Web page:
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The Pamphlet Collection of Sir Robert Stout: Volume 70

The Tenure of the Land

The Tenure of the Land.

As regards tenure of lands held from the Government, I think the most desirable, and the only one worth retaining, is the so-called "perpetual lease," with a right of purchase extending over a long term of years. This tenure to a great extent does away with the chance of the land being taken up by land speculators. It prevents the land being allowed to lie idle, and gives the settler something to work up to. I do not see that anyone really wishing to make the land productive in a bonâ fide way could wish anything better. The cashpayment system has the great disadvantage of giving opportunity to page 25 land speculators, men who buy to wring a profit out of the intending settler, and this abuse dates back thirty-five years or more, when land was bought in this "way on sheep stations when the owner had to give an increased price to get rid of the speculator, and so spent money that he had intended to employ labour in improving his holding. The deferred-payment system seemed an unnecessary multiplication of tenure.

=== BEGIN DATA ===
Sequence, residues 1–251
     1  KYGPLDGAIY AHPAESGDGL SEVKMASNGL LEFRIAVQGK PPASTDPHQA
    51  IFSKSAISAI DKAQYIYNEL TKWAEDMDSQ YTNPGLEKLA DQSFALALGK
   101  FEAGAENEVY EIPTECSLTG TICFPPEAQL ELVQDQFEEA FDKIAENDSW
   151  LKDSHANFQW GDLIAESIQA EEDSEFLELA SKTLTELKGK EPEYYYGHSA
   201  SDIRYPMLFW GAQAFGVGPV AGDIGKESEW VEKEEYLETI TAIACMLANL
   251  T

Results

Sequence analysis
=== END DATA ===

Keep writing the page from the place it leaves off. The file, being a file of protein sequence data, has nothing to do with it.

The dealing in Native lands by private buyers could not well be done away with. The Government had not given up the pre-emptive right until the acquirement of Native lands by the Government had practically ceased. It is of great importance to get those lands made productive somehow, but undue monopoly of lands so acquired might probably be prevented by limiting the value of unimproved land to be held by one person or company to about such an amount that, when improved in the ordinary way, it would not exceed the limit of value 1 have suggested for improved lands. As a rule Native lands cannot be acquired profitably in small blocks. There are great difficulties in the way of acquiring Native lands, and no further obstacles should be placed in the way of persons willing to face these difficulties. Private persons being able to acquire Native lands also do away with some of the competition for lands in the hands of the Government—I mean leave more of the Government lands for other people, and of course some of the Native land acquired by private buyers is distributed among settlers afterwards. I think, of late years particularly, the settlers had been made to pay too much for the smaller blocks. All the money possible should be left to improve with.

The idea of nationalising the land is too late—if it was ever practicable it was a soaring day dream. People had been brought here to acquire freehold. The Maoris were by treaty guaranteed the possession of their lands, if they chose to keep them, unless forfeited for rebellion. There were other objections if these did not exist. As I have already said it was a dangerous thing to be always upsetting everything and doing something different.